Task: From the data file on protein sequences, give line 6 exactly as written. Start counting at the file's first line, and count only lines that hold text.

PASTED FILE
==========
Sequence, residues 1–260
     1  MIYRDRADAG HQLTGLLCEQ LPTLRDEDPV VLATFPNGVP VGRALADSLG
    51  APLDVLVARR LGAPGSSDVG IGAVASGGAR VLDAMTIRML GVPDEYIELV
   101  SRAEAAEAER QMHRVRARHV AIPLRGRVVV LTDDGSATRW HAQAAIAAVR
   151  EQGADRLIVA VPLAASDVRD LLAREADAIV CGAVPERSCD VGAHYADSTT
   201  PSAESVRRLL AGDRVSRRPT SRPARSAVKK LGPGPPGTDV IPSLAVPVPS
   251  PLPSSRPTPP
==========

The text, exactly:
   201  PSAESVRRLL AGDRVSRRPT SRPARSAVKK LGPGPPGTDV IPSLAVPVPS